b. 1950, Ghana

Wolfgang Laib Artworks

Wolfgang Laib combines natural, perishable materials such as milk, pollen, rice, beeswax, and wood, sometimes also using stone and metals, to create simple forms and environments that connect with Eastern philosophical concepts of timelessness, universality, life, and nature.

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Pollen

Laib's pollen works are the result of a laborious ritual process. Laib began collecting pollen from hazelnuts, buttercups, dandelions, and other plants in 1977. Annually, during summer and spring, the artist collects pollen by hand from the fields and forests surrounding his home village near Germany's Black Forest.

Laib presents the gathered pollen in jars, like in Pollen Jars on a Shelf (2003), or spreads it on the floor, sometimes evenly, other times making small, concentrated mounds. The resulting works are rich in colour and scent, as well as meaning. 'I think everybody who lives knows that pollen is important,' Laib says, noting the symbolism of these life-giving particles.

One of Laib's largest pollen installations, Pollen from Hazelnut (2013) temporarily covered 18-by-21 feet of the atrium of the Museum of Modern Art in New York with bright yellow hazelnut pollen that he had been gathering for over a decade.

Rice House

Laib first began working with rice in 1983. Laib's 'rice houses' are an enduring motif, in which solid materials in the shape of a basic house are placed upon mounds of rice. Typically, Laib uses marble, as seen in Rice House (1988), Rice House (1996), and Marmorhaus (2011), but he has also made granite and wooden houses.

Additionally, Laib has placed simple brass ships on rising waves of rice for the 'Passageway' series (2013). As with the pollen, Laib also presents rice laid out in mounds, such as his temporary installation Crossing the River (2022) at the B√ľndner Kunstmuseum Chur, Switzerland.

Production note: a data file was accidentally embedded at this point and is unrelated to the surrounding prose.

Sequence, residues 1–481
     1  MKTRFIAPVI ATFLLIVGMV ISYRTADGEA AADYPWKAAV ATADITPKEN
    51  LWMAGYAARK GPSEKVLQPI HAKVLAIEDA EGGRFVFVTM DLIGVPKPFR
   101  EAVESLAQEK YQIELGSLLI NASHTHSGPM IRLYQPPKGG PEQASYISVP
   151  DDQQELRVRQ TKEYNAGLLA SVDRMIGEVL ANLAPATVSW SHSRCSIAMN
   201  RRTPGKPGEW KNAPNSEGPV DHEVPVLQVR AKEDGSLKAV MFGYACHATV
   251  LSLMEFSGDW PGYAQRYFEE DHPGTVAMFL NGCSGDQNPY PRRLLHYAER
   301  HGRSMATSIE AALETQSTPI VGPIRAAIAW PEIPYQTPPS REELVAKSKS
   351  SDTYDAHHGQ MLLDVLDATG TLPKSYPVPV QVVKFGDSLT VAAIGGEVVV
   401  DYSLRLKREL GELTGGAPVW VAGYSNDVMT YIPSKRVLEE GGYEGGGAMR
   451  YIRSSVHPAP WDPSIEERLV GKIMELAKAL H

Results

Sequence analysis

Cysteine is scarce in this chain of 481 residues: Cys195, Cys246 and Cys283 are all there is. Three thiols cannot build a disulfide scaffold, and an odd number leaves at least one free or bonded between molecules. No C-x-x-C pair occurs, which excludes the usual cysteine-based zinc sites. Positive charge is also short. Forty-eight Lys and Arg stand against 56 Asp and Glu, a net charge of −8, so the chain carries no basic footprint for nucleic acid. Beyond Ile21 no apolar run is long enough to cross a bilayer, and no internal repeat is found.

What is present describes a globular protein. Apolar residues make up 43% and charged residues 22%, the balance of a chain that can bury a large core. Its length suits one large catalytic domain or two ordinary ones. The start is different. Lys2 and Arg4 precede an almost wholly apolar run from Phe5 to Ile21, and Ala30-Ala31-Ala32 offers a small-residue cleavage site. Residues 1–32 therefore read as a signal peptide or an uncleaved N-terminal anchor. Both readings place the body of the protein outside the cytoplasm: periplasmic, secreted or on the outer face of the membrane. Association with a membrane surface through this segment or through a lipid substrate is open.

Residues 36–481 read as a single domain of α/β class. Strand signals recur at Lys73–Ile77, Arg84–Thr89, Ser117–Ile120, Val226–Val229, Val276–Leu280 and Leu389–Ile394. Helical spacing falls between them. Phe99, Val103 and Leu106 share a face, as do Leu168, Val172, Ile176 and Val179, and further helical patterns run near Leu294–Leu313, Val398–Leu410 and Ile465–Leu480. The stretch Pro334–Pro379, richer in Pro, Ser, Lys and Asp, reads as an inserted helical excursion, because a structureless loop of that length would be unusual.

Beeswax

In 1987, Laib began working with beeswax, creating his first wax chamber, The Passageway, the following year. The Passageway is a wooden hallway construction lined with wax panels and illuminated by two lightbulbs.

In 2013, Laib's first permanent beeswax room installation opened at the Phillips Collection in Washington, D.C. Where have you gone — where are you going? (2013), an otherworldly empty room with beeswax-lined walls, echoes the calming, meditative space of the Collection's Rothko Room. In 2014, Laib completed his largest beeswax project, an entire underground beeswax space beneath Studio Anselm Kiefer in Barjac, France.

Laib also produces smaller-scale beeswax sculptures, such as Wachsschiff (Wax ship) (1996) and Without Beginning and Without End (2005), a wood and wax stair construction.

Browse Artworks
Milk Stone by Wolfgang Laib contemporary artwork sculpture
Wolfgang Laib Milk Stone, 1993–1994 Macedonian marble
2 x 135 x 125 cm
Buchmann Galerie Contact Gallery
Rice House by Wolfgang Laib contemporary artwork sculpture
Wolfgang Laib Rice House, 2008 Red sealing wax on wood, rice